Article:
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Thread: P.Ionatha

  1. #1
    Nepenthes Specialist nepenthes gracilis's Avatar
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    When does P. Ionatha go dormant? Right now my two are doing fine and growing strong still. Nep.G.

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    Nepenthes Specialist nepenthes gracilis's Avatar
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    Updating Post.

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    from my knowledge of Pings. They do not do 'dormant' What happens is that they lose their sticky nature. The leaves are still intact ( maybe smaller). Then when spring comes around...
    = ) <-- happy times again

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    Nepenthes Specialist nepenthes gracilis's Avatar
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    Okay thanks Jaie for selling your wonderful P.Ionathas to me! Nep.G.

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    Yeah some pings grow different non-carnivorous leaves during winter as apposed to their carnivorous summer leaves:)

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    Nepenthes Specialist nepenthes gracilis's Avatar
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    Thanks Mondo. mine hasn't produced them yet but i will be looking for them. Nep.G.

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    Hello,
    P. ionantha does go dormant. I think the confusion is will the tropical Pings, which when dormant produce succulent leaves. P. ionantha doesn't do this.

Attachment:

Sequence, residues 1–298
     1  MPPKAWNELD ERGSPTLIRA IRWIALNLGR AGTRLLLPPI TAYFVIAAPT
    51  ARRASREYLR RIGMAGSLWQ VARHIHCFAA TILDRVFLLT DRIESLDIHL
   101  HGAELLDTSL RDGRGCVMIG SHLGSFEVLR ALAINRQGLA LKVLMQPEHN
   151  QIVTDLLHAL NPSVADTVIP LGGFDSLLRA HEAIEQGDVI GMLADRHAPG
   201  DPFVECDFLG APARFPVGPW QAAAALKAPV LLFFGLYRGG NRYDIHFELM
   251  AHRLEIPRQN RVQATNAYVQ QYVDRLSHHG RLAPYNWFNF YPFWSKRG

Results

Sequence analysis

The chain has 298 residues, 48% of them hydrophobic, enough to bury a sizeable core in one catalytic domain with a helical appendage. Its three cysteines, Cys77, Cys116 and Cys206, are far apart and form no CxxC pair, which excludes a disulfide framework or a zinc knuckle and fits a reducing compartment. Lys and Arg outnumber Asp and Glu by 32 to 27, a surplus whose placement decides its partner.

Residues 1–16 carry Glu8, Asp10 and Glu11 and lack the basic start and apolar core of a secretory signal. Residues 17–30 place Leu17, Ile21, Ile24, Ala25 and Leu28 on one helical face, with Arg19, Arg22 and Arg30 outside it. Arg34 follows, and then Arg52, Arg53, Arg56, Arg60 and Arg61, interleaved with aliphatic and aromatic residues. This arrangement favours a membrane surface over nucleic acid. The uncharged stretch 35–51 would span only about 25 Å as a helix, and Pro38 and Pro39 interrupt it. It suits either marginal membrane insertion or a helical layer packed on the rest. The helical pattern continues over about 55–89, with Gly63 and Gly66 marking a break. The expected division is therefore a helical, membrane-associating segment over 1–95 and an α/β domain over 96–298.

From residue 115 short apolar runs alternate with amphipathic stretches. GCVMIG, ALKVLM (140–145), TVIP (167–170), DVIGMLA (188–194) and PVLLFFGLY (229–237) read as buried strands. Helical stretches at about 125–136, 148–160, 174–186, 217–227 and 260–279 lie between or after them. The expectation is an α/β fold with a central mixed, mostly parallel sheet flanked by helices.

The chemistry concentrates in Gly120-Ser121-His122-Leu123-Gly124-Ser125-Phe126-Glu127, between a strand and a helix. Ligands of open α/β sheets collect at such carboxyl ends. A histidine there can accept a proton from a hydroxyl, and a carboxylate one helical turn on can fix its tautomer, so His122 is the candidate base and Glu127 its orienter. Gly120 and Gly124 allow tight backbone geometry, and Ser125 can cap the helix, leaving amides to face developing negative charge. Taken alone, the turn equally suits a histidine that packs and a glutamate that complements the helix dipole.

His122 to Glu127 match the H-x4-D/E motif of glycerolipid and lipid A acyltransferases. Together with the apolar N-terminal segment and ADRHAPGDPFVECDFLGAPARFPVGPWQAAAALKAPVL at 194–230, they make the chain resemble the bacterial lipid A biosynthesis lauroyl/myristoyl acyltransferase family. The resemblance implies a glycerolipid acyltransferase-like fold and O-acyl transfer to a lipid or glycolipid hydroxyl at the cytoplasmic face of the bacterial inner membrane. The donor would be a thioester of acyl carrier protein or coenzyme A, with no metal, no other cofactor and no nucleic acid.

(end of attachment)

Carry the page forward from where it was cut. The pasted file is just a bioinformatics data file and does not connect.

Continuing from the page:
Temperate Pings are fairly difficult to pull through dormancy. These are the Pings native to the southeastern part of North America that I am talking about.
    They are extremely prone to fungal attacks when dormant, due to various reasons.

    P. pumila for example is a tough ping to grow as a perennial, and most likely is more or less a annual in habitat.

    P. careulea- another difficult ping to get through dormancy, P. lutea is easier.


    P. ionantha, P. Planifolia, & P. primuflora
    These pings grow in a flooded habitat for most of the year, I mean under or in shallow standing water. While primulfora grows in shade, P. ionanatha & P. planfiolia often grow together is strong sun.
    Of these P. primuflora is the easiest, and plantlets form at will.
    Heres the problem with them. To really get them to grow well they must be grown very wet. Combine this with cool weather and bingo fungal problems with rot.
    So the dormancy is not much, and easier for people in a warm southern climate, farther north these pings are a real bear. During the winter I dry the containers, and these 3 species are the only 3 I grow without drainage holes in the containers. So they are moist, more moist than a lot of dormant cp are kept at. The cooler the weather the closer you watch the moisture level.
    In early spring (here its mid Feb) they will start flowering, some are confused and flowering now. Flood the containers with warmer weather and more instense sunshine.

    P. careulea, P. lutea- keep almost dry and cool during the winter, then my March to early April they will start blooming and can be kept somewhat more moist with good light.

    Take care, time to eat a turkey,
    ~ Mike

  8. #8
    Nepenthes Specialist nepenthes gracilis's Avatar
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    Thanks! Nep.G.

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